Great skiing! I'm pretty sure I know who this skier is, even though I must admit that it doesn't look like the style (i.e. line) that I'd normally expect to see him skiing. One give-away to the identity of the skier is his very strong leg-steering skills, as Rusty points out. He cleanly directs both skis precisely where he wants them to go. Note that, despite powerful rotary movements of the feet and legs, the skis still travel almost always the direction they're pointed. There is very little intentional braking or lateral displacement of the skis (skidding), especially when the edges are engaged.
These bumps are not huge, nor are they terribly steep for a skier of this caliber. I believe we'd see different tactics on a more demanding run. But what we see here is a very nice line, minimizing the need for great absorption (flexion-extension), although, as Miles notes, the capability to absorb more when needed is evident too. Good tactics! Very accurate fore-aft movements as well, as evidenced by the skis nicely following the contour of the snow. Only occasionally does the skier get "bucked," and he is able to recover quickly. That's good bump skiing!
Another good image here is the skier's highly disciplined, yet very relaxed and free, hand and arm movements. It's a great illustration of the "polarity" (as Weems might say) of freedom and discipline. Both are essential. Discipline without freedom is restrictive and stifling. Freedom without discipline is chaos!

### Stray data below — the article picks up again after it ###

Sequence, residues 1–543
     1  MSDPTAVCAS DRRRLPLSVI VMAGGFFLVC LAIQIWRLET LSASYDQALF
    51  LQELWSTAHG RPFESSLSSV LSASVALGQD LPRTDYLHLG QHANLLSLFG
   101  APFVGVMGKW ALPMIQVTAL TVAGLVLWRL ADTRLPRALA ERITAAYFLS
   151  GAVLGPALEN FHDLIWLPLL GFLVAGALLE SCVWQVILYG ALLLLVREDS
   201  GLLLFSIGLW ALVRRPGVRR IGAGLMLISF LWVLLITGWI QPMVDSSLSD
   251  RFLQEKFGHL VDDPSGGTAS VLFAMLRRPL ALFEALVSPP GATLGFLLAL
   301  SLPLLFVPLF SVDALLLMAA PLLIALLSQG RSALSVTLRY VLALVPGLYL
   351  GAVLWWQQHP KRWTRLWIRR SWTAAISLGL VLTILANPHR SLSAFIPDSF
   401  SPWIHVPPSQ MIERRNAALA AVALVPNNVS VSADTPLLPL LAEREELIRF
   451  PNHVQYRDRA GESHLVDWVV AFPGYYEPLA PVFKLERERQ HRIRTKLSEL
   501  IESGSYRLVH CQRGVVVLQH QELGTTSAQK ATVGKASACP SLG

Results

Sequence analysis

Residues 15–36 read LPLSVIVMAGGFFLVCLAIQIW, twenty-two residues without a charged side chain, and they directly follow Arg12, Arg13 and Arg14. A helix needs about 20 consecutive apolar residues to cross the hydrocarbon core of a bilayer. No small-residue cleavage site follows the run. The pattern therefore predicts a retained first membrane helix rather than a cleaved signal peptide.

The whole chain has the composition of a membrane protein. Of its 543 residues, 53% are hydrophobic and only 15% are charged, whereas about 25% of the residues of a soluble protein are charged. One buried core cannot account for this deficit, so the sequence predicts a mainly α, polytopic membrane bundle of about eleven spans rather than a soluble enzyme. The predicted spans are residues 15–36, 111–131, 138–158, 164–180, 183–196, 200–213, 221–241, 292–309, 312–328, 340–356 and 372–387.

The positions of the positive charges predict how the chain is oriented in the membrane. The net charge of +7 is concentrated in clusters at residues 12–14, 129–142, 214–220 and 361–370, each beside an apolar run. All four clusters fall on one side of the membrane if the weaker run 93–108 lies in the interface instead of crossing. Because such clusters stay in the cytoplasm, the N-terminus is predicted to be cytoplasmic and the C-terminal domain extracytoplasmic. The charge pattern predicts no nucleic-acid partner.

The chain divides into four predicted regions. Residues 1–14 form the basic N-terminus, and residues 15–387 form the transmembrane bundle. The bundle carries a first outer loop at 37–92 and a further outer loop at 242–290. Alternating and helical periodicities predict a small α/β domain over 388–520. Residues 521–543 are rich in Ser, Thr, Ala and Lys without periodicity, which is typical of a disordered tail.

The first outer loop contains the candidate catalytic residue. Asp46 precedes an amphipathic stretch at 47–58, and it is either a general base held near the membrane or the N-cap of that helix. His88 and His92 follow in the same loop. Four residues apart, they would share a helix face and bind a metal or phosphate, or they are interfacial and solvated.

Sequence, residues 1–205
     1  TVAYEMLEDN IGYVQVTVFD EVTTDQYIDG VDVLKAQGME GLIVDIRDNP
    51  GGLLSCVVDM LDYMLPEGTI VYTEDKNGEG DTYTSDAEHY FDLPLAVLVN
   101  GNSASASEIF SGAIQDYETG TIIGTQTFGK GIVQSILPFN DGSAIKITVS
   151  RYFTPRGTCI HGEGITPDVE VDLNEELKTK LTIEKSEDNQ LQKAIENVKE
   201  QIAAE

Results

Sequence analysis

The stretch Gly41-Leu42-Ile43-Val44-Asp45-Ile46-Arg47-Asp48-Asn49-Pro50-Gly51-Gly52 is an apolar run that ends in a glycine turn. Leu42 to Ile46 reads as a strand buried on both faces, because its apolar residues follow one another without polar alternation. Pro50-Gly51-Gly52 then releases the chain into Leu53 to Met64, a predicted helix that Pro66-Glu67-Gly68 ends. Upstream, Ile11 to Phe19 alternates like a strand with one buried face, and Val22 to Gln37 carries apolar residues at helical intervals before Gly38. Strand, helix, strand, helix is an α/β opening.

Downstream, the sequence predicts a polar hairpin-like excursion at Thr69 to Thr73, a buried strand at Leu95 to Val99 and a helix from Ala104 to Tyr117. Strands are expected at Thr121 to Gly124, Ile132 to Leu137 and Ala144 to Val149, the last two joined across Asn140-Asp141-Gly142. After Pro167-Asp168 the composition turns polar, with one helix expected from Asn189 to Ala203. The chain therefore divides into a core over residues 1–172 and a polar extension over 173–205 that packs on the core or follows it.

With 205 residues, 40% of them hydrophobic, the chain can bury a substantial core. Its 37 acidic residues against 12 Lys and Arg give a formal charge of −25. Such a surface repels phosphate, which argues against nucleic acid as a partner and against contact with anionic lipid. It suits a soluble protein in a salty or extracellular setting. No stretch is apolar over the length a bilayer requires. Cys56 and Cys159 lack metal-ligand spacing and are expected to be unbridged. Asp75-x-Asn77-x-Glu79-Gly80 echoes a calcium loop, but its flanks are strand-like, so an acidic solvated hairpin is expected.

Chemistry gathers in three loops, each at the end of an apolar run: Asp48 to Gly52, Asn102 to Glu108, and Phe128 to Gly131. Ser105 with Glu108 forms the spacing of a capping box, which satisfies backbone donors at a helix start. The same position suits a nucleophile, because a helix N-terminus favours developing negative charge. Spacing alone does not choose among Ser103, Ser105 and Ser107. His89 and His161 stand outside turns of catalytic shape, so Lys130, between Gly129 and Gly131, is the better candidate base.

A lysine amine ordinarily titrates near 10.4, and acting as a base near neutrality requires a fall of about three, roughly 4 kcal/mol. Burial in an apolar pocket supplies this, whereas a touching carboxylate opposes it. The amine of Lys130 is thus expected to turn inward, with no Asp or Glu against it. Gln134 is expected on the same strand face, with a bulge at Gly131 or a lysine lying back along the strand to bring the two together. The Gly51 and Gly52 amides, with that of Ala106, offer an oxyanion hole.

The freedom of movement allows this skier to balance, react, and move his upper body as needed to deal with the demands of the changing terrain. The discipline allows him to make these upper body movements without interfering with the precision of his foot and leg movements.
If I were to nit-pick about anything--and nit-picking it would be--I would suggest that there are a couple moments when a little quicker, more active extension into the troughs might have reduced the jarring and allowed a little more pressure control on the downside of the bump. And if I were this skier, I would experiment with slightly shorter poles.
It's great to watch skiing this good on the first day of summer.